The Portland Jazz Festival is now in its 7th year under the artistic direction of Bill Royston
. And at this point, it's pretty safe to say that this is a festival that has earned it's due as one of the most creative festivals that has not only survived the current economic downturn but has done so successfully on its own terms. Unfortunately, many jazz festivals today have to rely on the inclusion of other genres of music, especially those coming from pop and rock sensibilities. Now that's not a criticism as much as it is a sign of the times.
So how does a festival in the Pacific Northwest in one of the rainiest months of the year (February) pull off selling out seven of its eight major acts? The reason has more to do with the vision and creative wisdom of Bill Royston than it does any other factor. Is there a process template behind this type of success? I doubt it and tend to think it has more to do with Royston's ability to understand and perceive the make up of his audience along with his ability to share his enthusiasm with the local business community. I'm sure there is more to it than that but if I was starting a festival today or if I had one that was struggling, I wouldn't think twice about knocking on Royston's door.
This year's festival included a focus on the jazz of Norway, which in concept I appreciated but found myself wishing that Royston would have opened up the gates just a little bit more. Many of the musicians, as good as they were, brought similar approaches to their musicality. With an audience that is now clearly following Royston's lead, this creates an opportunity to open the parameters more while educating his audience on the outer fringes of artistic creativity; of which there are vast amounts within Norway and Europe. Again, this is more of a wish and I realize I am only one voice.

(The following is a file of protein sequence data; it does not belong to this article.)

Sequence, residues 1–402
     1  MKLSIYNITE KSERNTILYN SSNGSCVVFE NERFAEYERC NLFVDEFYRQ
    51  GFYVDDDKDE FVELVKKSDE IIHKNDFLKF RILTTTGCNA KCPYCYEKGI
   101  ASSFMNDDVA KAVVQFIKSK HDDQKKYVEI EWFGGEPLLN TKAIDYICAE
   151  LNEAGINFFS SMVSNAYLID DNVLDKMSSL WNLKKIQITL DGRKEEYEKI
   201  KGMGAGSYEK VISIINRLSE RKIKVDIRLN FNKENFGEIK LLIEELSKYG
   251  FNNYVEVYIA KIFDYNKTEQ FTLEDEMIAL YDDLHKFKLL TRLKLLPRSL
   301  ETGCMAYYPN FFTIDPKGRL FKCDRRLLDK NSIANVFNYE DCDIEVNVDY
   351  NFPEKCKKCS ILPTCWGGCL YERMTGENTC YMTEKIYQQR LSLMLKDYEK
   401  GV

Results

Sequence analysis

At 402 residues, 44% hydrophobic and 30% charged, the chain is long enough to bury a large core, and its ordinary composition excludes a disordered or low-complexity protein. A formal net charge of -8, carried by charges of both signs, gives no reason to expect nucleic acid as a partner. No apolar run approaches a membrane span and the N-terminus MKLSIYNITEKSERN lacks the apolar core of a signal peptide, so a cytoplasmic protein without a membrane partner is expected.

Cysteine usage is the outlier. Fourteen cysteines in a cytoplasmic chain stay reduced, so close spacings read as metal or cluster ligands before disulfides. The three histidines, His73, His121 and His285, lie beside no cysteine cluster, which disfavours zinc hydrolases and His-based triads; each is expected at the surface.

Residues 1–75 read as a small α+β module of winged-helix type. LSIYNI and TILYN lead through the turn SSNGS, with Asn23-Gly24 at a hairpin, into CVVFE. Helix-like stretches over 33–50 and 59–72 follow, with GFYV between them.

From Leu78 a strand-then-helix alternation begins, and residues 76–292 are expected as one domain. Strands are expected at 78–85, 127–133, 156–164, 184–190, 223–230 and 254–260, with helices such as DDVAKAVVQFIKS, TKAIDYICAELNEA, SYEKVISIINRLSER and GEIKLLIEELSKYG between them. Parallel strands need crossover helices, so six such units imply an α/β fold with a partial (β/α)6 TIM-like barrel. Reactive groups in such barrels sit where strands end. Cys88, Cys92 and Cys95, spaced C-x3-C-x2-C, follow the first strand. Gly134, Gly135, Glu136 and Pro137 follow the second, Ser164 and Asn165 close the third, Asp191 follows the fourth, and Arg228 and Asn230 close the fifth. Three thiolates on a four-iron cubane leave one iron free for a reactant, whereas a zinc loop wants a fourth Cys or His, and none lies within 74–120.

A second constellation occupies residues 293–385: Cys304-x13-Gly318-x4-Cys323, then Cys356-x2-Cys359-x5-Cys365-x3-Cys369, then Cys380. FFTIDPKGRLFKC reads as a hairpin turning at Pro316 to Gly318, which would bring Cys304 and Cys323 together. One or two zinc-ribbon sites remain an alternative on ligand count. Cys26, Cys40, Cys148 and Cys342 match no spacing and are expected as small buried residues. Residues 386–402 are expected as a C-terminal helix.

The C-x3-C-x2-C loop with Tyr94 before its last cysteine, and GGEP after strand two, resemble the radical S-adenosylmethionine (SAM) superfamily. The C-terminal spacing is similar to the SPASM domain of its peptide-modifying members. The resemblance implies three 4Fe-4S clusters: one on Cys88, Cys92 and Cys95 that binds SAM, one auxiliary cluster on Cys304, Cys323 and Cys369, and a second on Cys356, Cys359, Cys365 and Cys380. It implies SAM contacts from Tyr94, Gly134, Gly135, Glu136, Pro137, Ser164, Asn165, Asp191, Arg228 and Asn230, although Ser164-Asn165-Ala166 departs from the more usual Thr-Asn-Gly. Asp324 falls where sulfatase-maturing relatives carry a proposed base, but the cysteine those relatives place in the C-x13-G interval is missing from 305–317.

After saying that, I was completely knocked out by some of the performances. The Mingus Big Band
was a nice surprise and pianist David Kikoski
again validated his ability to swing and influence the emotional feel of a large ensemble. Seamus Blake
continues to impress with his ability to take any approach of music and not lose his beautiful, deep and thick vibrant voice. There was also plenty of talk about the young 18 year old drummer, Justin Faulkner
. However, on this set as impressive as his technical abilities were, I felt his musical feel was being compromised for the more crowd pleasing hand attacks. But more on Falkner later.
The solo of the night and the surprise of the festival, at least for me, came from trumpeter Alex Sipiagin
. He has the X factor along with whatever that thing is that enables musicians to leave the notes on the sheet and take sound and feel to another level.
He also sat in with the Dave Holland
Quintet while trombonist Robin Eubanks
fulfilled prior commitments with the San Francisco Jazz Collective. I have been a big fan of this ensemble over the years but felt that perhaps over a period of time, it became a bit predictable. Holland, like his mentor Miles Davis
, has the unique ability to not only assess new talent but also assess group chemistry along with the vision of the creative possibilities of the individuals and the group itself. It's just a small piece of this very brilliant and humble man.
Though I didn't feel as if Sipiagin reached the creative level of his solo in this set as he did with the Mingus set, he certainly had the chops to swing with Chris Potter
while importantly, bringing a very telling fresh intense passionate spirit to the music. It was clearly noticeable and welcomed. I'm looking forward to watching this young artist as he further matures.
Since Nate Smith
joined the quintet, he has developed into one of today's most rhythmically diverse drummers. His ability to seamlessly change rhythmic feels is almost spellbinding along with his encyclopedic sized rhythmic repertoire, which is just amazing. Every musician regardless of instrument should be taking notes.
Holland himself brings a joy to music and sound that can fill large rooms, which was the case here. What a beautiful soul this man must have. I have seen him perform more times than I can count but on this night, he provided a solo as soulfully enriching and poetic as any other I have been blessed to hear.